Rot, Riot, and Rebellion: Mr. Jefferson’s Struggle to Save the University that Changed America is the fascinating history of the early days of the University of Virginia and how the institution’s survival was hardly a foregone conclusion. The book has recently received good reviews from both the Washington Post and the Wall Street Journal and is now the subject of a feature in the University of Virginia Magazine. In the following piece, coauthor Carlos Santos considers how Thomas Jefferson’s insistence on separation of church and state extended to the university he founded, a radical idea in a time when religious instruction was central in higher education.
Critics considered Thomas Jefferson’s unorthodox views of Christianity evil as hell fire. Political enemies dubbed him an “audacious howling Atheist.” Ministers called him a tool of French secularism, while others argued that declaring for Jefferson was declaring for no God.
Elected president in 1800, tradition holds that the women of New England hid their Bibles in wells, convinced that Jefferson, aided by his atheistic allies, would fuel bonfires with the Good Book.
It’s been way too long since we have run a piece by Mr. and Mrs. Dog author Donald McCaig. Many of you have read his series of posts about a little sheepdog named Fly (including this one…and this one). In this latest piece, human understanding runs up against dog understanding. Guess who’s smarter.
At the first Sturgis National Finals SDT trial hosts had decorated the field in a patriotic motif. The fetch, drive, and crossdrive panels were vivid red, white, and blue. Which created a problem for the sheep. Put yourself in their wool: here they’d been living quiet sheepy lives on some butte somewhere, been snatched up, loaded into large aluminum trailers (from which no sheep had ever returned), and plopped down in unfamiliar pens (“Where are we, Martha!!!”), until they and three others were taken by a mounted cowboy and a couple dogs and spotted for an unknown dog to suddenly appear and take AWAY!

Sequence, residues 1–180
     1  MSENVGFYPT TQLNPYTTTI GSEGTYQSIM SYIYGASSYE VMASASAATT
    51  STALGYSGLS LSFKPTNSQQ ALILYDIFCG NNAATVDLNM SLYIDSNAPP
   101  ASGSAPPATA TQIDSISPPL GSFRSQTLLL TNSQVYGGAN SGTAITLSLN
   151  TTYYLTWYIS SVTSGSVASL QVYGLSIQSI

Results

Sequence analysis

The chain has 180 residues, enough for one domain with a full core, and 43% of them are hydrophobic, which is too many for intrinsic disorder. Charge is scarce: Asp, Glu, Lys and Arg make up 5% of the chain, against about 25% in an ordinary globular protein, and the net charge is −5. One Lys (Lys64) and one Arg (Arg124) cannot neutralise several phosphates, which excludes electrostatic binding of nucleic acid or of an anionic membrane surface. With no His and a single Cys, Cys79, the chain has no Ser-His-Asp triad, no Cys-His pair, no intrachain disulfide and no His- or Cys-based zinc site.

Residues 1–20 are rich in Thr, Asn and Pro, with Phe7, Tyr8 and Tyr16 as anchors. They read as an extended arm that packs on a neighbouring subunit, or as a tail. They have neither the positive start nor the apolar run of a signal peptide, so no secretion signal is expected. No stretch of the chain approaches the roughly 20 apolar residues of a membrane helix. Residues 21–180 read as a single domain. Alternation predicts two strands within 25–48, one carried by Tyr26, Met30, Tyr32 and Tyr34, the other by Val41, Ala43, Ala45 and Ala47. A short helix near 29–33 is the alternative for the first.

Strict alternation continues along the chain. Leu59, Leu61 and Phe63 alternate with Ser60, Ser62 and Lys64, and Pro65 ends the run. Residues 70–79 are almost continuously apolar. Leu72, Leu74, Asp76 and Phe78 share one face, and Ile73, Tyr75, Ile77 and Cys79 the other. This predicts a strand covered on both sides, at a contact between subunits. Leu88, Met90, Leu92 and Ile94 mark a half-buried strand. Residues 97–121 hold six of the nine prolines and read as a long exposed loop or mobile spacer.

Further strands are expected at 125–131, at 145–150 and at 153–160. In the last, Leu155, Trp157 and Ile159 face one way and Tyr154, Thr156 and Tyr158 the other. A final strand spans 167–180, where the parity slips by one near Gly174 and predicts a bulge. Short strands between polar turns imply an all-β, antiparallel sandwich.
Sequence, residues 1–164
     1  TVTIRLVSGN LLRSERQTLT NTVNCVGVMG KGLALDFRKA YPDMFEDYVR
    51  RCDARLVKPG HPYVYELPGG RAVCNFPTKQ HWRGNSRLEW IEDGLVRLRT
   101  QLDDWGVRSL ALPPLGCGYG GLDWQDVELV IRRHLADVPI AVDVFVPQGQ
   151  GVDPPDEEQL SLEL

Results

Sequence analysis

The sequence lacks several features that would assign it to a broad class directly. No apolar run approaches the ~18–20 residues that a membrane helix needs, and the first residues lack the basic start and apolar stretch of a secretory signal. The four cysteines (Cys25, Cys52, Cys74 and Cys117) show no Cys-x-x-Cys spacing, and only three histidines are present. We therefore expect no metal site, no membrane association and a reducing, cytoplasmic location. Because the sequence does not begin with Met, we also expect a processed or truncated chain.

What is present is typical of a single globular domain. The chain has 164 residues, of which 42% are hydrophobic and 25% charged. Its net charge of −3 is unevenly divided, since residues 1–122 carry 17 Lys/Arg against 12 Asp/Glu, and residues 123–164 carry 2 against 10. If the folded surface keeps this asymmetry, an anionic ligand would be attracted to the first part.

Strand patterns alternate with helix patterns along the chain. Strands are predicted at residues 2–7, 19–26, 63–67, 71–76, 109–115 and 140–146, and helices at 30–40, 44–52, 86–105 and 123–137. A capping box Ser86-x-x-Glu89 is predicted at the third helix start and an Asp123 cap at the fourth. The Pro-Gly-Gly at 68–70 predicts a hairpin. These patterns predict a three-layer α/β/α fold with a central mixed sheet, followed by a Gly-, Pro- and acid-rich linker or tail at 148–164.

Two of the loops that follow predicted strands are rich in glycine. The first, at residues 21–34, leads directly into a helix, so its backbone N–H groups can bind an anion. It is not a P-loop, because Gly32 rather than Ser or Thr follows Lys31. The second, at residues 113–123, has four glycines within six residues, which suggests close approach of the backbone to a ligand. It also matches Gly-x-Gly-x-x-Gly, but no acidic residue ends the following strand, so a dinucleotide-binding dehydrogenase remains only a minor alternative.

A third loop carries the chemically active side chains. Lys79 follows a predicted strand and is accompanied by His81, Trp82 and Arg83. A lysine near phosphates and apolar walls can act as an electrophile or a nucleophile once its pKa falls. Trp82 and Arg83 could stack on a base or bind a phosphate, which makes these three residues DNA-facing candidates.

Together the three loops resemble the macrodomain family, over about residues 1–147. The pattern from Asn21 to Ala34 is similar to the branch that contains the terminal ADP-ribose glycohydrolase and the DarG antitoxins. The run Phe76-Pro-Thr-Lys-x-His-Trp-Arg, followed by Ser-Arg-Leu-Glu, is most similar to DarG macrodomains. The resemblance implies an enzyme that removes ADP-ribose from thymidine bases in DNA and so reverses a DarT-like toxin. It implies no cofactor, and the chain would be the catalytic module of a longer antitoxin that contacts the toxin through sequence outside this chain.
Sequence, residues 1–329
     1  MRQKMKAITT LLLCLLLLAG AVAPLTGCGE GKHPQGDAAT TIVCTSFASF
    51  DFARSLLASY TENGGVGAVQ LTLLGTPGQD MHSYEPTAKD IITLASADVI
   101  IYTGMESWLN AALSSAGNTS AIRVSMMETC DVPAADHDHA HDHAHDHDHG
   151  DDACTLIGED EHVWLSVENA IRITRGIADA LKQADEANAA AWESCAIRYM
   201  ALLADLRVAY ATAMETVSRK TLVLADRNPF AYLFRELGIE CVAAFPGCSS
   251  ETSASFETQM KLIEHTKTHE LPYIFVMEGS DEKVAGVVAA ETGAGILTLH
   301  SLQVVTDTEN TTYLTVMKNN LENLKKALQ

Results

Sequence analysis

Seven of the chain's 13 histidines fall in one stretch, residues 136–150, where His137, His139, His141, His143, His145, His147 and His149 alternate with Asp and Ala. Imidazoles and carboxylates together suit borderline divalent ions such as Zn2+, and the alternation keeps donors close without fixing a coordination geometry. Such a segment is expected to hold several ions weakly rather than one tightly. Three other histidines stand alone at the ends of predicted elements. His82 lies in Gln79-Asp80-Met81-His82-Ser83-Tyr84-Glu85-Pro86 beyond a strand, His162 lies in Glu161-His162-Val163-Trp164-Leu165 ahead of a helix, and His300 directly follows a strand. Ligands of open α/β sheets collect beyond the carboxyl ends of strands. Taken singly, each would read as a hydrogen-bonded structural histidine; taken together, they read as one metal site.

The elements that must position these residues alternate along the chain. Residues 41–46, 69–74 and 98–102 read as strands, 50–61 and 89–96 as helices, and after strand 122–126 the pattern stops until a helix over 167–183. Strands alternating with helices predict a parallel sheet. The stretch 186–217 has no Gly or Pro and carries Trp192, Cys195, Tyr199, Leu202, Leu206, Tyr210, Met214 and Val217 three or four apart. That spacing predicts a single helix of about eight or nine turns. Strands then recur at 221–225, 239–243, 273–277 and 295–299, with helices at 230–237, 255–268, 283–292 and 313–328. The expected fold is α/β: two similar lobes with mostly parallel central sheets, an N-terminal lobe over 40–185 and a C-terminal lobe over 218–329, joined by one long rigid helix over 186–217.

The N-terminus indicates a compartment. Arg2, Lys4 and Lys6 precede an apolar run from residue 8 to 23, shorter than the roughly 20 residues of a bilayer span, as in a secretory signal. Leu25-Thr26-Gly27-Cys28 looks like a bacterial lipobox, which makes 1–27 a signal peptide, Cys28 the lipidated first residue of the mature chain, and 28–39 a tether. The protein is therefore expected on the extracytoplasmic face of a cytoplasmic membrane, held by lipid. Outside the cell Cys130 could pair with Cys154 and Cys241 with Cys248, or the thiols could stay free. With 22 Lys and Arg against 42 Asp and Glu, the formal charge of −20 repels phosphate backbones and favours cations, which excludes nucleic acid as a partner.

Before you say no thanks, just know that this exotic approach to Thanksgiving is being proposed by Jeffrey Greene, who has already introduced us to the elusive pied de cheval oyster and foraging in the Carpathians. The man knows his food. Like those earlier pieces, this one grew out of research for his next book, on wild edibles.
While Henry James observed famously in a letter that “it’s a complex fate, being an American,” and James Baldwin struggled to define what being American even means, I rarely ponder quandaries of national identity, even living here in France. However, it’s a complex fate for anyone to explain the codified American phenomenon called Thanksgiving. My mother, in her eighties, assiduously observes American Thanksgiving, though she lives in a remote canal village in Burgundy and is obliged to make a special order for a whole turkey, usually available in France only at Christmas.
Deborah McDowell, director of the Carter G. Woodson Institute, talked to our local NBC affiliate about her new book, The Punitive Turn: New Approaches to Race and Incarceration. Drawing its content from a conference hosted at the University of Virginia in 2009, the book not only addresses prison growth and its consequences, but also presents statistics that force us to wonder who benefits when so many people are behind bars.
As part of this year’s University Press Week, we are proud to join 36 other university presses in a blog tour that will touch on some of the most pressing issues in our industry. Blogging along with us today are Harvard University Press, Stanford University Press, the University of Texas Press, Duke University Press, Temple University Press, and the University of Minnesota Press. A schedule for the entire week is here. Today’s theme is the future of scholarly publishing, so we turned to Holly Shulman, who served as editor of The Dolley Madison Digital Edition, the first publication under our electronic imprint, and coeditor of Rotunda’s latest title, People of the Founding Era.
This week Iran sat down with representatives from the United States, Russia, China, France, Britain, and Germany—as part of the P5+1 meeting—to discuss plans to scale back its nuclear program. It is hoped that the talks result not only in a plan acceptable to all parties but a new openness in communication between Iran and the world. So far the signs have been positive. R. K. Ramazani, renowned Iran scholar and author of Independence without Freedom: Iran’s Foreign Policy, already contributed some thoughts on new Iranian president Hassan Rouhani, and now he looks more closely at Iran’s relations with the United States.